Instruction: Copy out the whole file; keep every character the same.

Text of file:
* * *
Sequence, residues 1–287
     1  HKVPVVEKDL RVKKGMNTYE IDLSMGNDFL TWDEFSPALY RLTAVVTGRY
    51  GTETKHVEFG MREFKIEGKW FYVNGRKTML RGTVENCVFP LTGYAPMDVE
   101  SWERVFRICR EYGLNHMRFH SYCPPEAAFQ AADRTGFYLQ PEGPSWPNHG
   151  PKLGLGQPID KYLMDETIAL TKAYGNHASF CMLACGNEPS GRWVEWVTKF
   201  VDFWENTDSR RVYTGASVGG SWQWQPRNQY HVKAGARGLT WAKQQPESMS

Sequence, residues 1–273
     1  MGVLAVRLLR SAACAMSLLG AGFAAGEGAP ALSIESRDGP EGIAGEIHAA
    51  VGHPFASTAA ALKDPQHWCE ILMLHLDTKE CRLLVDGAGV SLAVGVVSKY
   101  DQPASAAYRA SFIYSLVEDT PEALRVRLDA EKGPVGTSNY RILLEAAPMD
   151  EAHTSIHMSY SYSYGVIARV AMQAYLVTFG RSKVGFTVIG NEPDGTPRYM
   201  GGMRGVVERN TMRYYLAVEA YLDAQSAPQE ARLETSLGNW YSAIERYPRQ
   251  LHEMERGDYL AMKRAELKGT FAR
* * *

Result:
Sequence, residues 1–287
     1  HKVPVVEKDL RVKKGMNTYE IDLSMGNDFL TWDEFSPALY RLTAVVTGRY
    51  GTETKHVEFG MREFKIEGKW FYVNGRKTML RGTVENCVFP LTGYAPMDVE
   101  SWERVFRICR EYGLNHMRFH SYCPPEAAFQ AADRTGFYLQ PEGPSWPNHG
   151  PKLGLGQPID KYLMDETIAL TKAYGNHASF CMLACGNEPS GRWVEWVTKF
   201  VDFWENTDSR RVYTGASVGG SWQWQPRNQY HVKAGARGLT WAKQQPESMS

Sequence, residues 1–273
     1  MGVLAVRLLR SAACAMSLLG AGFAAGEGAP ALSIESRDGP EGIAGEIHAA
    51  VGHPFASTAA ALKDPQHWCE ILMLHLDTKE CRLLVDGAGV SLAVGVVSKY
   101  DQPASAAYRA SFIYSLVEDT PEALRVRLDA EKGPVGTSNY RILLEAAPMD
   151  EAHTSIHMSY SYSYGVIARV AMQAYLVTFG RSKVGFTVIG NEPDGTPRYM
   201  GGMRGVVERN TMRYYLAVEA YLDAQSAPQE ARLETSLGNW YSAIERYPRQ
   251  LHEMERGDYL AMKRAELKGT FAR